- 11:05 am - Mon, Jun 11, 2012
- 4 notes
“57 choice leeches” - invoice from Fitch & Nottingham in London, sold to Swindon businessman Mr. John Green, May 12, 1870. [Swindon Collection, Central Library via Flickr].
Leeches have been used for bloodletting for centuries, becoming so popular in the 18th and 19th centuries that they were almost farmed to extinction in Europe. Although falling out of fashion in the later half of the 20th century, their medical use is making a comeback in microsurgery and reconstructive surgery due to the anti-coagulant properties of their secretions, which is useful for reducing blood clots and venous pressure from pooling blood, and for healing skin grafts.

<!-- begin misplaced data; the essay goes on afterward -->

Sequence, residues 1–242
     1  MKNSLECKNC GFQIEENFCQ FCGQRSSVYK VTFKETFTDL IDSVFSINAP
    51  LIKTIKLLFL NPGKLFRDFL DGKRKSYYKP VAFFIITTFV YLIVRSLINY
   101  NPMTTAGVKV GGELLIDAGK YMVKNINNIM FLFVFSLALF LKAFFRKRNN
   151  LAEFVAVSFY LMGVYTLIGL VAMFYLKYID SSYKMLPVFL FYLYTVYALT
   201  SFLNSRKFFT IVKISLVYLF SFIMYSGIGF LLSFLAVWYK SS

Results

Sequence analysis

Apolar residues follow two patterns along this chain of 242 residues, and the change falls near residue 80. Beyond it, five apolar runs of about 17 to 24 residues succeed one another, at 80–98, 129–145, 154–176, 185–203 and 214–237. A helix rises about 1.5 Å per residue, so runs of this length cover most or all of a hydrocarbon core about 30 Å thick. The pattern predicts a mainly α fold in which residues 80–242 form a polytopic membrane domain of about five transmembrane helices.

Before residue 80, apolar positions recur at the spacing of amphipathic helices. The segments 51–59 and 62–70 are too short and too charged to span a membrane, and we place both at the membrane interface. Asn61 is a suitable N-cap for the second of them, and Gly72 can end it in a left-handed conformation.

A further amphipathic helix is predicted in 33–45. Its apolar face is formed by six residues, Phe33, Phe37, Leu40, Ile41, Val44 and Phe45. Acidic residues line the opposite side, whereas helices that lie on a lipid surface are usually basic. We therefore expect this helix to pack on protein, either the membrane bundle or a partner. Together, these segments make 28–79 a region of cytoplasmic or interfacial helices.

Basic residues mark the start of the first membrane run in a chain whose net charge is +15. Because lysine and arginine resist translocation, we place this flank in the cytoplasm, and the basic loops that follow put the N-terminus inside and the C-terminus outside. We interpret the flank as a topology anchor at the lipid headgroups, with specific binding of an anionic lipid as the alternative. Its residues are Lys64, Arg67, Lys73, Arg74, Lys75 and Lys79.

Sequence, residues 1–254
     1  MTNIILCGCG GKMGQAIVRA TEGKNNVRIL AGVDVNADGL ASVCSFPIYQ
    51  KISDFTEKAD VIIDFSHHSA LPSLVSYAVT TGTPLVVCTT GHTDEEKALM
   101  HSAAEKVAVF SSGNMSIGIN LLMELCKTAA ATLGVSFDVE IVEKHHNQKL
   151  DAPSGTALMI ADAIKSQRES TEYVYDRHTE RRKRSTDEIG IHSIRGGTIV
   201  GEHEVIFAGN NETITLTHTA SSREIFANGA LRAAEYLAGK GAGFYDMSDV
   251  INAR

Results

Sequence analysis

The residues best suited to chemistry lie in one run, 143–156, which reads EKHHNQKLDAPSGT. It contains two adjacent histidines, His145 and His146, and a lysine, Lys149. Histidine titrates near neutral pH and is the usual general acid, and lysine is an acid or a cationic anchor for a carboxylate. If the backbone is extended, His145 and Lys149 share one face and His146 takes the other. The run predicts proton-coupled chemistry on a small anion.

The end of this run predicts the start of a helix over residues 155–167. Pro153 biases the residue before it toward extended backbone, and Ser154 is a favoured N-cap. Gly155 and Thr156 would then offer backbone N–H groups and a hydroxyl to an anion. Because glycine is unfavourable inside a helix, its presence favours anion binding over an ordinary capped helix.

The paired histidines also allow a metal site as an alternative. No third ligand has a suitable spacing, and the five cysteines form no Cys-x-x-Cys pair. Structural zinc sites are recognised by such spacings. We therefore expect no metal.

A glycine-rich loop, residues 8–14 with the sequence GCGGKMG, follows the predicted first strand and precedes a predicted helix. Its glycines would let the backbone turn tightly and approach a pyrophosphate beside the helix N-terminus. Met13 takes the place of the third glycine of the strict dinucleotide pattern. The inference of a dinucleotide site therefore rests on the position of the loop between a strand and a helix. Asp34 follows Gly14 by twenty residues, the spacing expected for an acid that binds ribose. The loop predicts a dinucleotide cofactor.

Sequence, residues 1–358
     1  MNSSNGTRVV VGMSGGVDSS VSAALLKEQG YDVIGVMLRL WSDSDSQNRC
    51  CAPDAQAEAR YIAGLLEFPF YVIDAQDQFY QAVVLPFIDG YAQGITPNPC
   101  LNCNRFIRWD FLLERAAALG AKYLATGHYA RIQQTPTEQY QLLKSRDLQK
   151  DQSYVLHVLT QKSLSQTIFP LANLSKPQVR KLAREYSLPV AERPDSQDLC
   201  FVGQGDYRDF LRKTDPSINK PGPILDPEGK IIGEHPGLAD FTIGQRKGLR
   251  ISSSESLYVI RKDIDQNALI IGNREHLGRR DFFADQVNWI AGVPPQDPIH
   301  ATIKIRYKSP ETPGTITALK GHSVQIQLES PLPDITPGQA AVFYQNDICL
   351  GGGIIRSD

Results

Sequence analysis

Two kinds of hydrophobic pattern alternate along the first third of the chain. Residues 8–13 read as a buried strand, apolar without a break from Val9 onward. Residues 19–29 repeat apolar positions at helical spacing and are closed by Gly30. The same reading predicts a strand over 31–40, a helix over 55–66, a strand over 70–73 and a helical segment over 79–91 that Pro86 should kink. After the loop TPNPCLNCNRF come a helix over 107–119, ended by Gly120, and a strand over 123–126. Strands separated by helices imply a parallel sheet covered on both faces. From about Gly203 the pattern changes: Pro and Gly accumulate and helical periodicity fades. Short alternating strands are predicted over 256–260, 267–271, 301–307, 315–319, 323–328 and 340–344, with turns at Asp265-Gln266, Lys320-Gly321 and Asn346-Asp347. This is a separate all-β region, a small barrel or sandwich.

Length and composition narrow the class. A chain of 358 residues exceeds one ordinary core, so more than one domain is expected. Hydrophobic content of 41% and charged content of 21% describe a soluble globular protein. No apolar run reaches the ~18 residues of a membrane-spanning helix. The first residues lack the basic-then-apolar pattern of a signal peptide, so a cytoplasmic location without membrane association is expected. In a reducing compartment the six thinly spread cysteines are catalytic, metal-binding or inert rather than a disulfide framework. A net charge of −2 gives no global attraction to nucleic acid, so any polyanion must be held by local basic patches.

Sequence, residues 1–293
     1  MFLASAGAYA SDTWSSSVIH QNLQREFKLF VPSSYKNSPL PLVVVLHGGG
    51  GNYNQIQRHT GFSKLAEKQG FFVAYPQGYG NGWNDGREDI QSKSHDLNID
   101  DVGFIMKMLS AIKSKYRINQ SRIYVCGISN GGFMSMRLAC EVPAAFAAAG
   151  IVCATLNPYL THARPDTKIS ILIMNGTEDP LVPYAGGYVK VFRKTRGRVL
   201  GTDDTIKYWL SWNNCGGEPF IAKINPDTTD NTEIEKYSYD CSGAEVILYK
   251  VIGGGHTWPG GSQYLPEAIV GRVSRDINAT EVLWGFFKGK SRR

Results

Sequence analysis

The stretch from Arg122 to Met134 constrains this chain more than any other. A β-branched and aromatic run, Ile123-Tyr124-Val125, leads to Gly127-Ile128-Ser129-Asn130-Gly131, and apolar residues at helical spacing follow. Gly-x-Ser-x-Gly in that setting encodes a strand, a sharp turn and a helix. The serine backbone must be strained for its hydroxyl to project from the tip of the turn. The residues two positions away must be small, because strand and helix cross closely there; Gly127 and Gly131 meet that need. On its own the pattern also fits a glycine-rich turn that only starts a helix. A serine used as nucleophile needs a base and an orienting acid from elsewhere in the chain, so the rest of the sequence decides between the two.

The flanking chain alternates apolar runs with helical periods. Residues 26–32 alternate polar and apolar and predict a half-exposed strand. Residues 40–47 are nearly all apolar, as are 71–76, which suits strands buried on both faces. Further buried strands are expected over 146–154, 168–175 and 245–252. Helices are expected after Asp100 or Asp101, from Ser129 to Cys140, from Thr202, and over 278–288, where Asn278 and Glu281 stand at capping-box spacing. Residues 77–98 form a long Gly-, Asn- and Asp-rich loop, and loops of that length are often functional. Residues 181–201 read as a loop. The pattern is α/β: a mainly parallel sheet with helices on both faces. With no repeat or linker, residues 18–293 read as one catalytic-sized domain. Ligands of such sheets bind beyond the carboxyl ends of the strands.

Read more about medical leeches
But despite their usefulness, it still must have been an awful challenge to make leeches attractive advertising fare. They are essentially little vampires shaped like long black boogers, which suction onto your skin and suck your blood out. I can think of few things less appealing. I think these vintage advertisements are remarkable in the ways they’ve each tackled the problem, from the elegant botanical illustrations to the generous use of exclamation points which make ‘Leeches! Leeches!! Leeches!!!’ sound more like an exciting carnival ride than a slimy, parasitic worm that wants to drink your blood.